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What is an Administrative Law Judge Hearing?

Administrative Law Judge HearingIf you have paid into the Social Security system for at least five of the last ten years, you should be considered fully insured and, if you become disabled and are unable to work, you should qualify for Social Security Disability Insurance (SSDI). It may sound simple enough, but it is unfortunately not often that simple. An estimated 65 percent of first time SSDI benefits are denied. This is not the end of the road, however, and a qualified SSDI attorney from Keller & Keller can help you through the appeals process. One step along the way is the Administrative Law Judge (ALJ) Hearing.

What Happens at an ALJ Hearing?

If your original application is denied and you have good cause to file an appeal, your case may be reconsidered. If it is denied again, you may be able to file another appeal and be granted a hearing with an Administrative Law Judge. Here is how this works:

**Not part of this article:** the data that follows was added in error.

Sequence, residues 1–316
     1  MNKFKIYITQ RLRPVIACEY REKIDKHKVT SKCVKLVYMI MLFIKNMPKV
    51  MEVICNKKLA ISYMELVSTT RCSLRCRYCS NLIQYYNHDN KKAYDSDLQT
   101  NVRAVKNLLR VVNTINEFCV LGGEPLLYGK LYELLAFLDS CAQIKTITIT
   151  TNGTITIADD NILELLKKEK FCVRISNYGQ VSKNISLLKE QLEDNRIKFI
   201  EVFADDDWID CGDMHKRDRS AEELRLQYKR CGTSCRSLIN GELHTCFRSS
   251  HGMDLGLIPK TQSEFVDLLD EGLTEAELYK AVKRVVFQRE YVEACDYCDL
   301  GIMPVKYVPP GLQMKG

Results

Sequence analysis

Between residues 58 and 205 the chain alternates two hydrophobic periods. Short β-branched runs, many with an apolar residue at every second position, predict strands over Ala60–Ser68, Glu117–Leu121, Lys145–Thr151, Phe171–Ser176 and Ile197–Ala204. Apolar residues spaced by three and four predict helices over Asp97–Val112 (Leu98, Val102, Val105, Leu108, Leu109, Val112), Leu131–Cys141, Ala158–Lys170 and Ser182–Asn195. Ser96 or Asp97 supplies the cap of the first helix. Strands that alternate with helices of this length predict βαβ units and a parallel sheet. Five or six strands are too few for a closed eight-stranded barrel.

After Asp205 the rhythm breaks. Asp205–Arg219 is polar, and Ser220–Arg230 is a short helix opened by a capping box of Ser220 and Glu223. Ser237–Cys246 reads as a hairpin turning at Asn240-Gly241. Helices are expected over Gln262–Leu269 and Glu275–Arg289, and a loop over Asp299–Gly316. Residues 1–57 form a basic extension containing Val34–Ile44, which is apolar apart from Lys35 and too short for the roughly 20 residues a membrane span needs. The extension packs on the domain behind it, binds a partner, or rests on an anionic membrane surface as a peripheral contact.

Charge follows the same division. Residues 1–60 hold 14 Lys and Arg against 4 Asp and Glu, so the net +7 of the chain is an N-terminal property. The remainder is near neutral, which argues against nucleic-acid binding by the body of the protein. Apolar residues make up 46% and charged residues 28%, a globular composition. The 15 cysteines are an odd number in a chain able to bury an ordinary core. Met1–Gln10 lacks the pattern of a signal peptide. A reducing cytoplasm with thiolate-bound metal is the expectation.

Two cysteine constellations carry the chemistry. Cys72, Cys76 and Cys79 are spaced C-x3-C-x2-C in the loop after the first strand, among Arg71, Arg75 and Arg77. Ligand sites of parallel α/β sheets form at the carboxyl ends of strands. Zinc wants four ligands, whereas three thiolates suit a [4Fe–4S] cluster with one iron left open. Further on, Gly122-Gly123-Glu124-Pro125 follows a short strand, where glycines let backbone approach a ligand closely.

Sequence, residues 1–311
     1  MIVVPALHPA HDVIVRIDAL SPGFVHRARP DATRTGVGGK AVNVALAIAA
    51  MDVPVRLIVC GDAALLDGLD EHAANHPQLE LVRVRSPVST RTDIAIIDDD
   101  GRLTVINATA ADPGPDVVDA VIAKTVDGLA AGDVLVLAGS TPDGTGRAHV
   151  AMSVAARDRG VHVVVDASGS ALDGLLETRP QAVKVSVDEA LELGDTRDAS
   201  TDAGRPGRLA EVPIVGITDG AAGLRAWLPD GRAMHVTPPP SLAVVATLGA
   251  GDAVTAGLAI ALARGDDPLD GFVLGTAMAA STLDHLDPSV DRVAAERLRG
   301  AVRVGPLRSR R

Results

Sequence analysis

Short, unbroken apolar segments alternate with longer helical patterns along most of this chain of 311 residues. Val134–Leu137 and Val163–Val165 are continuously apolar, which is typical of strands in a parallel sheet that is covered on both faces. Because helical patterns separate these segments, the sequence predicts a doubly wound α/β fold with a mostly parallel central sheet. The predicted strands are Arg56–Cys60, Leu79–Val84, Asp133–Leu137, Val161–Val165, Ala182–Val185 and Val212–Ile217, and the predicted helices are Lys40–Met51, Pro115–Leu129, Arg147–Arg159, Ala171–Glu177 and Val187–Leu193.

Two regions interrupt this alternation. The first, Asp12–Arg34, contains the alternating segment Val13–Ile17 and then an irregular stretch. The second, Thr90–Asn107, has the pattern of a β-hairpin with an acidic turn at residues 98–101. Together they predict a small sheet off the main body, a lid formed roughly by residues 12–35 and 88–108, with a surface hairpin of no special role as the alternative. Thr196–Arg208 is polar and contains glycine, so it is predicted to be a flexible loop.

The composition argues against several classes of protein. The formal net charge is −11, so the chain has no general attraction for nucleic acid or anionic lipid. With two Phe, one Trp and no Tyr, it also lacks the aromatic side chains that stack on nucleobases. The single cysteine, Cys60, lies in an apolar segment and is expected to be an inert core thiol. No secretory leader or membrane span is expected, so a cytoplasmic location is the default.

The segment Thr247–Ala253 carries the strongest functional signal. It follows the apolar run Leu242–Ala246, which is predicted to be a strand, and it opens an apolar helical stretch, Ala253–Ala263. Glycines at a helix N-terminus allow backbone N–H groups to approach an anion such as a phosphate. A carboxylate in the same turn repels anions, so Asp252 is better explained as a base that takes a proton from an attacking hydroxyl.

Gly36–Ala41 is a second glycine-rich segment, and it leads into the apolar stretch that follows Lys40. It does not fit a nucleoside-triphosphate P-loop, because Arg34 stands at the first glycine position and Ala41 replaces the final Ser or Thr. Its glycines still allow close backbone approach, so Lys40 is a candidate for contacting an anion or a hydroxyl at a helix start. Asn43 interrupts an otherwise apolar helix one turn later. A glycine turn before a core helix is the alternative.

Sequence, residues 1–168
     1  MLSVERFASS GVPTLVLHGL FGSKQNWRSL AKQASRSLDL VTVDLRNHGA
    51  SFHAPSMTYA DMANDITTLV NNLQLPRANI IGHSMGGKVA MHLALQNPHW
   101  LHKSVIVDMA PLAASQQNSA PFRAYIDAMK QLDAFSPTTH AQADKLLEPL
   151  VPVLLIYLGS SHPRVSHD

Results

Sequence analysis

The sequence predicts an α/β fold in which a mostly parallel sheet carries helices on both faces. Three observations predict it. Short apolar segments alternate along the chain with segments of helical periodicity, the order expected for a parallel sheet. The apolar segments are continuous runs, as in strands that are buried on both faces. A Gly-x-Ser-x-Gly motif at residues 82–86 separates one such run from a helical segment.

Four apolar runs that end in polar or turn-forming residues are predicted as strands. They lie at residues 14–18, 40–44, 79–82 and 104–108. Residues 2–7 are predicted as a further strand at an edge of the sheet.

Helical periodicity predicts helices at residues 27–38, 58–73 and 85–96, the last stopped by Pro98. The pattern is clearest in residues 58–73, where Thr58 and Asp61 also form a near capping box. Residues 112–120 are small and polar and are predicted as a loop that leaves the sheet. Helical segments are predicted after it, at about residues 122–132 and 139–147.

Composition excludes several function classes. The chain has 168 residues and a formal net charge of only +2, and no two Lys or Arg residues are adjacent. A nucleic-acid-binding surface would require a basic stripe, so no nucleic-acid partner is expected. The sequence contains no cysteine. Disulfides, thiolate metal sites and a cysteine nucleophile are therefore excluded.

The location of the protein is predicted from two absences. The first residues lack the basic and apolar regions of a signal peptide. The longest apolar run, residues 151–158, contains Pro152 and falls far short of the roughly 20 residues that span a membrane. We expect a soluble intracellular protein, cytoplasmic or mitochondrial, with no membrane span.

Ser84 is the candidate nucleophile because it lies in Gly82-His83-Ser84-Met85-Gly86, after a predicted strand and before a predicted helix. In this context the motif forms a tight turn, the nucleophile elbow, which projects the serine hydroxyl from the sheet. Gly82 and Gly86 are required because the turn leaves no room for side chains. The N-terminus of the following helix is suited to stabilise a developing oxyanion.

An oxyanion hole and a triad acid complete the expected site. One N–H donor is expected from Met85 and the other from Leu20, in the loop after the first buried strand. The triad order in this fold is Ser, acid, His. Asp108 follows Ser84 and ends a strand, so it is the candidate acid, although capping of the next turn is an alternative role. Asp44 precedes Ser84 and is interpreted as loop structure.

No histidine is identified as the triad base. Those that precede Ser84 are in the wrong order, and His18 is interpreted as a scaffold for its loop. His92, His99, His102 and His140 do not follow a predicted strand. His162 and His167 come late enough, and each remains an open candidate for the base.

• This is an informal hearing with a judge in a conference room, not a courtroom. Hearings generally last about an hour and a half.
  • Attending the hearing will be you, your attorney, the Administrative Law Judge, and a hearing monitor to record the proceedings. The judge may also want to hear from vocational and medical experts. Your attorney may also call witnesses to testify on your behalf.
  • You will be asked questions about your work history, education, medical history, symptoms, perceived work limitations, daily activities, and more. The judge’s goal is to determine your level of disability.
  • Your attorney will prepare evidence of the emotional and physical pain you have experienced and how the injury or illness has affected your ability to work.
  • In Indiana, roughly 45 percent of these hearings find in favor of the claimant.

Indiana has hearing offices in Indianapolis, Fort Wayne, Evansville, and Valparaiso, and remote meetings can also be scheduled.

Do Not Go Through the Appeals Process Alone

While you are not required to have an attorney representing you for the SSDI application and appeals process, it is highly recommended that you do. Fill out our free case evaluation form to find out how the Indianapolis office of Keller & Keller can help you through this difficult and frustrating process to get you the benefits you have earned.

 

James R. Keller
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Partner at Keller & Keller

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